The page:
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Genes driving age-related blood cell mutations uncovered

2 weeks, 5 days ago

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Posted on May 28, 2024, 5 p.m.

New research identifies a larger pool of genes involved in clonal haematopoiesis than previously thought, and their implications for disease and diagnostic tests.

Scientists have discovered 17 additional genes that drive the abnormal overgrowth of mutated blood cells as we age. The findings, published in Nature Genetics, provide a more complete view of the genetic factors behind clonal haematopoiesis -- a process associated with aging and linked to increased risks of blood cancers.

Researchers from the Wellcome Sanger Institute, Calico Life Sciences, California, and the University of Cambridge analysed sequencing data from over 200,000 individuals in the UK Biobank cohort. They searched for genes showing signals of "positive selection" -- where mutations allow mutant cell populations to greatly expand over time.

The 17 newly discovered genes were found to have similar disease associations as previously known clonal haematopoiesis mutations, highlighting their clinical significance in driving the accumulation of mutant blood cell clones.

By uncovering these previously unrecognised genetic drivers, the research opens new avenues for studying the molecular mechanisms underlying clonal haematopoiesis and its role in disease development, leading to new ways to promote healthier aging. Additionally, it could lead to better genetic tests that help identify the risks of blood cancers and cardiovascular diseases.

As we age, our cells accumulate random genetic mutations. Some of these mutations can provide a competitive growth advantage, allowing mutant cells to multiply and outnumber the healthy cells, forming large 'clones' or populations of identical mutant cells. When this positive selection happens in blood stem cells, it is called clonal haematopoiesis. This process is associated with blood cancers, cardiovascular disease and other age-related diseases.

While previous studies have identified around 70 genes linked to clonal haematopoiesis, most cases observed recently have not involved mutations in any of these known driver genes. This suggests the involvement of additional genetic factors.

Researchers set out to map characteristic patterns of positive selection in the aging blood system, leveraging whole exome sequencing data from over 200,000 individuals in the UK Biobank cohort. They identified 17 genes driving the accumulation of mutant cell clones in our blood, beyond the known set of drivers.

Incorporating mutations in these newly identified genes increased the prevalence of clonal haematopoiesis by 18 percent in the UK Biobank cohort, underscoring their impact on aging.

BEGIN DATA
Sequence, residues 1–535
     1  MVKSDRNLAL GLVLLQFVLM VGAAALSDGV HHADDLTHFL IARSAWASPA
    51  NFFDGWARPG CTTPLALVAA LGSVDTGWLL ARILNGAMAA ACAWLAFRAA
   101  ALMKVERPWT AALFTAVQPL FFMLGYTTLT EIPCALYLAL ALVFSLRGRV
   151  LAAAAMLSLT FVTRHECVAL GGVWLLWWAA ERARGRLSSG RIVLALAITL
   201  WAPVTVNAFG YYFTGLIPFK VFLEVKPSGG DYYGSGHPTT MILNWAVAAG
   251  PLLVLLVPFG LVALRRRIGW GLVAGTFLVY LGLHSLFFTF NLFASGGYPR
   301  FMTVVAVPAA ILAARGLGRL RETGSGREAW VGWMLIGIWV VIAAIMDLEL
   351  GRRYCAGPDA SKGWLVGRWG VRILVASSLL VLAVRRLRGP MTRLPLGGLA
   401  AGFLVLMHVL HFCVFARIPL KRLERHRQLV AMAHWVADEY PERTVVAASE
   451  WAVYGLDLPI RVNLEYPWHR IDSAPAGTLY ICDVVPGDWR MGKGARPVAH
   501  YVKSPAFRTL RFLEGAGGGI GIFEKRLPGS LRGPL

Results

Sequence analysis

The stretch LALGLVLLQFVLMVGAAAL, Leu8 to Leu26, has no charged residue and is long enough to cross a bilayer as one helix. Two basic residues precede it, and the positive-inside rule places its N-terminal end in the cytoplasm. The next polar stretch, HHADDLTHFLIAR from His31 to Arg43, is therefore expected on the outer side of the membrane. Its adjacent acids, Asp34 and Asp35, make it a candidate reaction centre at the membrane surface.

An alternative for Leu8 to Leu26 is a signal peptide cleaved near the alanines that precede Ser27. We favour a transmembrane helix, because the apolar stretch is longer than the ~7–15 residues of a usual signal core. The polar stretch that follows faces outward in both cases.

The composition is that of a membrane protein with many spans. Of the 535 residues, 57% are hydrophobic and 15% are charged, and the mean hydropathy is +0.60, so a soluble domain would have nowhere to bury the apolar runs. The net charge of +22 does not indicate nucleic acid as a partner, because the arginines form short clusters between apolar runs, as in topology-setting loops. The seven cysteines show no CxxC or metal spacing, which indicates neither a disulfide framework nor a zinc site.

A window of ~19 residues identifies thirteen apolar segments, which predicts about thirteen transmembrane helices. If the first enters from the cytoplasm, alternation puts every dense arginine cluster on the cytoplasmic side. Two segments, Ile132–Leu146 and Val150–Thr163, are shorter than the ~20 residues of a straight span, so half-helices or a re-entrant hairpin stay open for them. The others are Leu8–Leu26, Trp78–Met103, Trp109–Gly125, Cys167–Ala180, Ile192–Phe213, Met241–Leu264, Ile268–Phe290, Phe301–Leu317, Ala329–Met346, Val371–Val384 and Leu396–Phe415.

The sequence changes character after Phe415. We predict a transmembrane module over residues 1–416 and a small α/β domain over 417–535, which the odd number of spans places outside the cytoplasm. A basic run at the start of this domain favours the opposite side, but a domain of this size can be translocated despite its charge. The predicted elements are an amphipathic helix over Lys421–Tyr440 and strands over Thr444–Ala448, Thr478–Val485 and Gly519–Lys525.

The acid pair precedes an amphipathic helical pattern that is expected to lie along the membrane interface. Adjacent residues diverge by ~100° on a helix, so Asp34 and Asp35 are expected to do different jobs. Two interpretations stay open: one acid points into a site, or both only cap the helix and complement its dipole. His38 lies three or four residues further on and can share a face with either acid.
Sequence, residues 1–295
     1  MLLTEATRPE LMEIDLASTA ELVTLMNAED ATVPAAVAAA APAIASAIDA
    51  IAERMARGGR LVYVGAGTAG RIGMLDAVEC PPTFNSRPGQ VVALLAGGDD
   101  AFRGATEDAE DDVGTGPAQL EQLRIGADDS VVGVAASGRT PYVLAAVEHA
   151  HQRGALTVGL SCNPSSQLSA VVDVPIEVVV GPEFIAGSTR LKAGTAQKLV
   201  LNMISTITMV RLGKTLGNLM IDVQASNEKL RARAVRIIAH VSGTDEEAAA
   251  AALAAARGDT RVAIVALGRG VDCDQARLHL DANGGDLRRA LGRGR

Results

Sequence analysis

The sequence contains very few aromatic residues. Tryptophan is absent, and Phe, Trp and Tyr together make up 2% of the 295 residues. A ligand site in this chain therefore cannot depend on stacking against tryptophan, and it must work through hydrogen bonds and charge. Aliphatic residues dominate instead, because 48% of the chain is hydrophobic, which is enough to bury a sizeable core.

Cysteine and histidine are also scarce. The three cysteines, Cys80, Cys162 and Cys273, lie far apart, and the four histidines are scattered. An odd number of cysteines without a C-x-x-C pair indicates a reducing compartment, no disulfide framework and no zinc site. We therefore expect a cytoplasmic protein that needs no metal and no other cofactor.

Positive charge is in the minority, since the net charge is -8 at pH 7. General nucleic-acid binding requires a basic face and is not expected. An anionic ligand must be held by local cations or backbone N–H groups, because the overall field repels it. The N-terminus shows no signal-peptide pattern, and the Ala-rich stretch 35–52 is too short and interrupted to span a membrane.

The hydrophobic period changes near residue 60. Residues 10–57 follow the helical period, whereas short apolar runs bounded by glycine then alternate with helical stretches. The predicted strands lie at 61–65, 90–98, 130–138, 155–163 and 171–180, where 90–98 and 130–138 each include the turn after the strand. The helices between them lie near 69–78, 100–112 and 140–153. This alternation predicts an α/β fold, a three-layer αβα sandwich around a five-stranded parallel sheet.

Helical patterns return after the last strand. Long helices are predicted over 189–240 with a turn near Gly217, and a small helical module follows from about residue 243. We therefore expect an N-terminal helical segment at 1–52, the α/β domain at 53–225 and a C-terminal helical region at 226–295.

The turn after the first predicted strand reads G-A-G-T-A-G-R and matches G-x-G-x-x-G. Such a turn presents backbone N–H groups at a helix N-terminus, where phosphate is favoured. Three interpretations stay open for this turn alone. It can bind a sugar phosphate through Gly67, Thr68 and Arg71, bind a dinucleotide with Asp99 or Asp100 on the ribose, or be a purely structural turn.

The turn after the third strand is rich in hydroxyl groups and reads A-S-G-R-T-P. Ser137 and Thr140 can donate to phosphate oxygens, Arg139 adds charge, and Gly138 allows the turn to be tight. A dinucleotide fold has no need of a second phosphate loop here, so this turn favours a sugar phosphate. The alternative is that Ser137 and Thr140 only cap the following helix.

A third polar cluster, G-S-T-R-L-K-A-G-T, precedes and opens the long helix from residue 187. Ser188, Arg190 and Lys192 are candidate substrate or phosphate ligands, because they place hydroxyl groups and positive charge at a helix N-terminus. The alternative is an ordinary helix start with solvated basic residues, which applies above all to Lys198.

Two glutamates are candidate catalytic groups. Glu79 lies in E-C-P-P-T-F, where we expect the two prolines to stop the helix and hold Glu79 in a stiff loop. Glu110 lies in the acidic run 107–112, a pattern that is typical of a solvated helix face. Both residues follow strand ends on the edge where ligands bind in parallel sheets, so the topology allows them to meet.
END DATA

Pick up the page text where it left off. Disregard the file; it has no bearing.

Dr Michael Spencer Chapman, co-first author of the study at the Wellcome Sanger Institute, said: "While existing genetic tests have been valuable for early disease detection, our findings suggest there are opportunities to improve them further. By incorporating these 17 additional genes linked to clonal haematopoiesis, we can enhance genetic testing methods to better identify risks of associated blood cancers and cardiovascular diseases."

Nick Bernstein, co-first author of the study, formerly at Calico Life Sciences, California and now based at NewLimit, said: "With our newly identified genes, we now have a more complete picture to explore strategies for delaying or reversing abnormal mutant cell overgrowths in blood to promote healthier aging. These genes seem to affect inflammation and immunity, important factors in conditions like heart disease and strokes. While interventions based on this research are still a long way off, it opens up possibilities for future treatments across a wide range of diseases."

Dr Jyoti Nangalia, senior author of the study from the Wellcome Sanger Institute and the Wellcome-MRC Cambridge Stem Cell Institute at the University of Cambridge, said: "Our study reveals a much broader set of genes fuelling mutant blood cell clone accumulation with age, but this is only the beginning. Larger studies across diverse populations are needed to identify remaining driver genes and provide further insights into this process and disease links."

As with anything you read on the internet, this article should not be construed as medical advice; please talk to your doctor or primary care provider before changing your wellness routine. This article is not intended to provide a medical diagnosis, recommendation, treatment, or endorsement. These statements have not been evaluated by the Food and Drug Administration. 

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References/Sources/Materials provided by:

This article was written by the Communications Team at the Wellcome Trust Sanger Institute

https://www.sanger.ac.uk/news_item/genes-driving-age-related-blood-cell-mutations-uncovered/

https://www.sanger.ac.uk/

http://dx.doi.org/10.1038/s41588-024-01755-1

https://www.ncbi.nlm.nih.gov/pmc/articles/PMC9308779/

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